Alison Chester-Lambert – Makemake, Dwarf Planet and Great Sea Spirit of Easter Island


Possibly one of the biggest barriers to gaining public affection will be this planet’s name – people like to be able to pronounce a name confidently!

But the name symbolises one of the biggest revolutions in astrology for centuries and those sort of shake-ups don’t come without a degree of hesitancy. Early in the 21st century a big project to search for new planets began. It was headed by a maverick astronomer called Mike Brown and concentrated on the farthest known region of our solar system, the Kuiper Belt. Huge advancements in instrument technology had made this possible and the team was looking beyond Pluto in detail for the first time. The Kuiper Belt is a donut-shaped ring around the solar system and it contains thousands of objects from rocks to small planets.

One of the biggest events surrounding this project was the much publicised demotion of Pluto, as he was recategorised a dwarf planet of the Kuiper Belt rather than the last member of the old solar system pantheon. The public responded to this announcement in the way that most people respond to Pluto; some celebrated the new potential, others felt real loss and went into mourning over it, and some tried to cling to the old order and refused to acknowledge the change.

By the end of the project Mike Brown had re-written astronomy with the discovery of 4 new dwarf planets to add to the 2 or 3 we already had. But he also did something else; he broke centuries of strict tradition by naming the new planets after religions and mythology outside of the usual Greco-Roman choices. And in doing so he symbolised the biggest shift in religious and cultural dynasty since three astrologers rode into Jerusalem on camels and declared that a new star meant that a messiah had been born!

The names of two Polynesian deities were chosen and each introduces spiritual concepts that could not be accepted in the monotheism of the last 2,000 years, when a single god was worshipped. It is likely that this symbolises the close of a 2,000-year cycle and a return to spiritual understanding that reveres nature instead.

Makemake was the chief creator god and Great Sea Spirit of only Easter Island, just 64 square miles of planet Earth. He was believed to be a deity of birth, sexuality and fertility so this choice was a natural one for Mike Brown, who was filled with the joy and fecundity of his wife’s pregnancy at the time. It was also based on the planet’s discovery date, which was Easter, exactly 283 years after the European discovery of this tiny, isolated island in the South Pacific Ocean.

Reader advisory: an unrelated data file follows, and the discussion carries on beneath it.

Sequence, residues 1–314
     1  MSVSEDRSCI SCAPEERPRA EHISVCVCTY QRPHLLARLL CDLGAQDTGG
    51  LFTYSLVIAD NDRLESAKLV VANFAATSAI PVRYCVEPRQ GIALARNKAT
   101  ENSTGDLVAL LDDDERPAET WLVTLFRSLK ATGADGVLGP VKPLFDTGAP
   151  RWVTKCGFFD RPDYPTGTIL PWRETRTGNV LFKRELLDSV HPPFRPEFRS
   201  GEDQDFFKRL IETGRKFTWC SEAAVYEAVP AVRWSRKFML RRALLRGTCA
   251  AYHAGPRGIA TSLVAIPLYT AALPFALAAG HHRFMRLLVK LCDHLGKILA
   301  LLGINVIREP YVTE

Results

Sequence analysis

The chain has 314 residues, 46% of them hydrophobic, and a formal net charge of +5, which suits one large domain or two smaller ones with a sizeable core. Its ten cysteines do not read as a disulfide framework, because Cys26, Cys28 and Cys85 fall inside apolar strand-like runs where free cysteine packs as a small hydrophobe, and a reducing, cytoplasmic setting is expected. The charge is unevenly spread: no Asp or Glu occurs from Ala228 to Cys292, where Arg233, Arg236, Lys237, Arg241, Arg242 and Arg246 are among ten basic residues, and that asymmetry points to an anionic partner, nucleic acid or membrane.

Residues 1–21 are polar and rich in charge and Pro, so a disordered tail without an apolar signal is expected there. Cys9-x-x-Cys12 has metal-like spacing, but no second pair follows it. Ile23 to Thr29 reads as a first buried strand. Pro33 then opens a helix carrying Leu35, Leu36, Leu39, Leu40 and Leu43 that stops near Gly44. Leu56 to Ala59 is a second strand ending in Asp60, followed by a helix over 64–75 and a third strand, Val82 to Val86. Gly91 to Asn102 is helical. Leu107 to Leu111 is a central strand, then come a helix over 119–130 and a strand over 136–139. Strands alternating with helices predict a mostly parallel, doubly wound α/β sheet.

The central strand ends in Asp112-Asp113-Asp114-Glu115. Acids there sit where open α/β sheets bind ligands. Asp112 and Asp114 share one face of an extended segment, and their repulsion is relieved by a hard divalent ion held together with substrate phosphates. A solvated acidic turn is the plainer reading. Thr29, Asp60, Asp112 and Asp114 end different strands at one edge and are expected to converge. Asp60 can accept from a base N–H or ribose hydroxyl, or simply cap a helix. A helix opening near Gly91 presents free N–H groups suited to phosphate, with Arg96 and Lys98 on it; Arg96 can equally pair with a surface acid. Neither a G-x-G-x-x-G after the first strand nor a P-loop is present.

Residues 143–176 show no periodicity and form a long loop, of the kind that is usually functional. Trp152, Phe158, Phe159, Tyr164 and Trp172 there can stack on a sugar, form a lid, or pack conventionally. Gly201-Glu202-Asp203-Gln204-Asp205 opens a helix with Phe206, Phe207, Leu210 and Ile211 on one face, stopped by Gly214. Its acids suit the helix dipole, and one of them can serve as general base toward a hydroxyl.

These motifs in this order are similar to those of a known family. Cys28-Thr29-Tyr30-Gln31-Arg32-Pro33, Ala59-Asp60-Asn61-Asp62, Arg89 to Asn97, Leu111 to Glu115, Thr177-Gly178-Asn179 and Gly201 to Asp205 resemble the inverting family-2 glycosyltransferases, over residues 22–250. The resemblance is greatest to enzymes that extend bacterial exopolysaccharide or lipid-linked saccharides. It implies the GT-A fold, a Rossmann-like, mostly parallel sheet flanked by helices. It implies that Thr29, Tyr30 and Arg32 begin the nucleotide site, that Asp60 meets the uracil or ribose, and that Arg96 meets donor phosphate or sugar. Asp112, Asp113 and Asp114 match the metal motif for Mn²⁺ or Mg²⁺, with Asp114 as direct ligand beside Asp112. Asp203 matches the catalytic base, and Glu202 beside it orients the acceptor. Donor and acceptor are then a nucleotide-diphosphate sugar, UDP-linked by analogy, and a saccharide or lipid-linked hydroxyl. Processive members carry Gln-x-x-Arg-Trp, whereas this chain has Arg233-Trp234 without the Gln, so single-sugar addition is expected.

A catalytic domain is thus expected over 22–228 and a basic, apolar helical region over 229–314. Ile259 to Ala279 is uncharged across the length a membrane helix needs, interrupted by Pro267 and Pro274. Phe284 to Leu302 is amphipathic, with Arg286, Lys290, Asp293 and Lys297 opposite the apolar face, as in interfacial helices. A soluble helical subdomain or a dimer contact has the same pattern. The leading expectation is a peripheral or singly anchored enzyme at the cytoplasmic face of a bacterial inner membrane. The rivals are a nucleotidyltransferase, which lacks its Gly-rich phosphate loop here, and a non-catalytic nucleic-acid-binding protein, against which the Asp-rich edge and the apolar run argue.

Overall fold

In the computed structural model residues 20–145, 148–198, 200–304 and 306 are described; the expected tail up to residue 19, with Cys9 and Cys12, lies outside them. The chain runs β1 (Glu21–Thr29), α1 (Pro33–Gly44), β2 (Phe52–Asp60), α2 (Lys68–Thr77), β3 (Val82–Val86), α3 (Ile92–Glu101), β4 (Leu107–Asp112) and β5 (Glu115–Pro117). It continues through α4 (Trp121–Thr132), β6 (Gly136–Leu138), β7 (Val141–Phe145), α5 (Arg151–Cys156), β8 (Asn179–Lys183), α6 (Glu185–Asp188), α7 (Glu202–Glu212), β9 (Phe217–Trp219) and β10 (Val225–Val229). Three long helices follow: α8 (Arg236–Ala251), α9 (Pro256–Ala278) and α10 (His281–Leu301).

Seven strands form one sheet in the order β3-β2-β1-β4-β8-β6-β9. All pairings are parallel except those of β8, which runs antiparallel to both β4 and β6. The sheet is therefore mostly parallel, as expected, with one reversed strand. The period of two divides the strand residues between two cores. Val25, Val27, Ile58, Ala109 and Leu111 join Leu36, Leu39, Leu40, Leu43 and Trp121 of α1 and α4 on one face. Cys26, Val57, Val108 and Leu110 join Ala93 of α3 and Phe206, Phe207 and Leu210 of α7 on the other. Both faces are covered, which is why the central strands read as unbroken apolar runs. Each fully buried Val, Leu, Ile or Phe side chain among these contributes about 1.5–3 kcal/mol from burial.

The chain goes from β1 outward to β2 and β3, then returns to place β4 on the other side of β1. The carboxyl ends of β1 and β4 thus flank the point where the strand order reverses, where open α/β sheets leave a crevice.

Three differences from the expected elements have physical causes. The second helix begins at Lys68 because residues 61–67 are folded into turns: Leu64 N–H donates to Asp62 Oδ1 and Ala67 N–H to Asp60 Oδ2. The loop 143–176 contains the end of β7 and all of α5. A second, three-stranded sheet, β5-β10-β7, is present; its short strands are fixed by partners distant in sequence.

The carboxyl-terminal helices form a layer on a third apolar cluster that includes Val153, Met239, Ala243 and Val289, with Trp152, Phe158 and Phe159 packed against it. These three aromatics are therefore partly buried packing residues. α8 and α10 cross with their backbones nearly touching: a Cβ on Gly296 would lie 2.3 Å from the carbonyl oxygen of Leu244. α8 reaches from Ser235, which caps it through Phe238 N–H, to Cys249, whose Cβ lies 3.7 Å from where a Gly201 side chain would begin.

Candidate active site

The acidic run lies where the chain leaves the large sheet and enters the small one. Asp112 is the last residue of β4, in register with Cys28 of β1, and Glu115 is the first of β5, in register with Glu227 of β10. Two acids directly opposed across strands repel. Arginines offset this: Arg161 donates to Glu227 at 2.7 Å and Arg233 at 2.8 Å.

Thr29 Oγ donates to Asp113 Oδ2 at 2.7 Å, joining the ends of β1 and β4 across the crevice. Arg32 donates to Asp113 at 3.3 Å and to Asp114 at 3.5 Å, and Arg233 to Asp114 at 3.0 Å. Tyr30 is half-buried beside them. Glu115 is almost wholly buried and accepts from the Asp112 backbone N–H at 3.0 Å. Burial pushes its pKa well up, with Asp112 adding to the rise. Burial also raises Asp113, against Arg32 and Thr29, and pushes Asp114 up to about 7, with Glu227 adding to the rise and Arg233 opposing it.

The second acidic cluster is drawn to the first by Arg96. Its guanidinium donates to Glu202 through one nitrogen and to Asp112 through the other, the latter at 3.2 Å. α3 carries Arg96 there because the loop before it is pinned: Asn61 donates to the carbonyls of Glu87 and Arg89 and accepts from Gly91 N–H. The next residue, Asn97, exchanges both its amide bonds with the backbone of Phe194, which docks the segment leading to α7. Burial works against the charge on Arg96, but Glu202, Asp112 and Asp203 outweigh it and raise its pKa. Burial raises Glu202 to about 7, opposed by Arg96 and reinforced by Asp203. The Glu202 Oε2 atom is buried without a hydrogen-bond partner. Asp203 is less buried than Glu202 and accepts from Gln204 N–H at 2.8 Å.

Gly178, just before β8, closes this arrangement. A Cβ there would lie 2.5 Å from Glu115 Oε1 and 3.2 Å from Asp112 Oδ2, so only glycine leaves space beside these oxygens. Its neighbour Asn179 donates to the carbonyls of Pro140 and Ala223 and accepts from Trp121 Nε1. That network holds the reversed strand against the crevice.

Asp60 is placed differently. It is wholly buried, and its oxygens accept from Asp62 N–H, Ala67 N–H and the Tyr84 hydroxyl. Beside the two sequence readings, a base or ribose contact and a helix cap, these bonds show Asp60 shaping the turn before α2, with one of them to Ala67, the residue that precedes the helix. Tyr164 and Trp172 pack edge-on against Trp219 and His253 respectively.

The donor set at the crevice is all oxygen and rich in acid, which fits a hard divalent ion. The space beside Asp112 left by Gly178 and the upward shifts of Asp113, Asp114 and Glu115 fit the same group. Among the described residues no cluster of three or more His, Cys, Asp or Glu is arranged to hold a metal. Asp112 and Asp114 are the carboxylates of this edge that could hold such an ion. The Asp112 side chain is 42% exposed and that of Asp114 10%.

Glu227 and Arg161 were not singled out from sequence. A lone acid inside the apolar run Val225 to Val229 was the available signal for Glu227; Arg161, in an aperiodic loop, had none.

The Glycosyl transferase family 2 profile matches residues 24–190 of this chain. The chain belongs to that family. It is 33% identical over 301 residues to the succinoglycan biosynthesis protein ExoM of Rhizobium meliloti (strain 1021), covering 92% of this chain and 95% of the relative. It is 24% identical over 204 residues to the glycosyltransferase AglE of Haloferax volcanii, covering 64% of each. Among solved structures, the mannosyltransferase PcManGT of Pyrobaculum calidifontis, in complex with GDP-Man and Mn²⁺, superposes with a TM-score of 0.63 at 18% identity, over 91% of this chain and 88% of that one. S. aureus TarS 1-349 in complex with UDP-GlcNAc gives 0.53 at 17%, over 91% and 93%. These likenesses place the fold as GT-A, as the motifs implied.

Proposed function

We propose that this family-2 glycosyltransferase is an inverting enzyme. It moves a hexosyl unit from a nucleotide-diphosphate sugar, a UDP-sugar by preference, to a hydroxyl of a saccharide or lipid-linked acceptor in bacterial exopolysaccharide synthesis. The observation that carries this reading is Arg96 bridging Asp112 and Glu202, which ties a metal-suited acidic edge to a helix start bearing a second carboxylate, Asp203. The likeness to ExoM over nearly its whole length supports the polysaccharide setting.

Easter Island is part of Polynesia, a race that lives on tiny islands in the vast Pacific Ocean. The Island is mid-way between the bulk of Polynesia and Chile, on the coast of South America. (You’d have to travel roughly 2,500 miles across the sea to reach either place. Just 13 miles across, it is actually a huddle of 3 volcanoes that sit directly over a “hot spot“ of a fault line in the earth’s crust, and it could erupt or disappear at any moment. The indigenous people were wiped out by a European and Peruvian inspired holocaust in the 19th century. An entire population of tens of thousands died from European imported deadly diseases and an illegal slave trade. Missionaries then arrived to save the remaining 150 Islanders; destroying all the tablets inscribed with their ancient knowledge and condemning their pagan festivals and spiritual beliefs as wicked and evil. There are contemporary writers who seek to use Easter Island as a metaphor for world ecological disaster by claiming that they savagely and mindlessly chopped down their last tree, but perhaps they are missing the point! Thankfully, since the discovery of Makemake, the planet, this point of view is now being questioned by more recent evidence.

These days, Easter Island is better known for what could NOT be destroyed and this has given us one of the biggest unsolved mysteries of our times. The Island is covered in almost 800 giant stone statues (called mo’ai) that were carved out of volcanic rock with little stone picks. They weigh from 20 to 270 tons and would have presented a greater challenge to the Islanders than the pyramids did to the Egyptians. After carving, they were moved to stand on top of equally giant stone platforms around the coastline. These were actually catacombs and built to hold the bones of the ancestors whose surviving clan members then honoured their departed elders with the carving and naming of a giant statue. But why go to these lengths? Why they suddenly stopped producing them is an even bigger mystery. Half of them were still being carved when one day the workers put down their picks and never went back. And how or why did the standing ones all get knocked down again? Island myth talks of a ferocious storm and the earliest reliable investigator, William Thompson, found evidence of earthquake. Since an earthquake and tsunami destroyed coastal cities in Peru in 1746, this is entirely possible. Any surviving statues may then have been toppled by revengeful or frightened rival clans who weren’t going to allow someone’s else’s ancestral images to remain standing.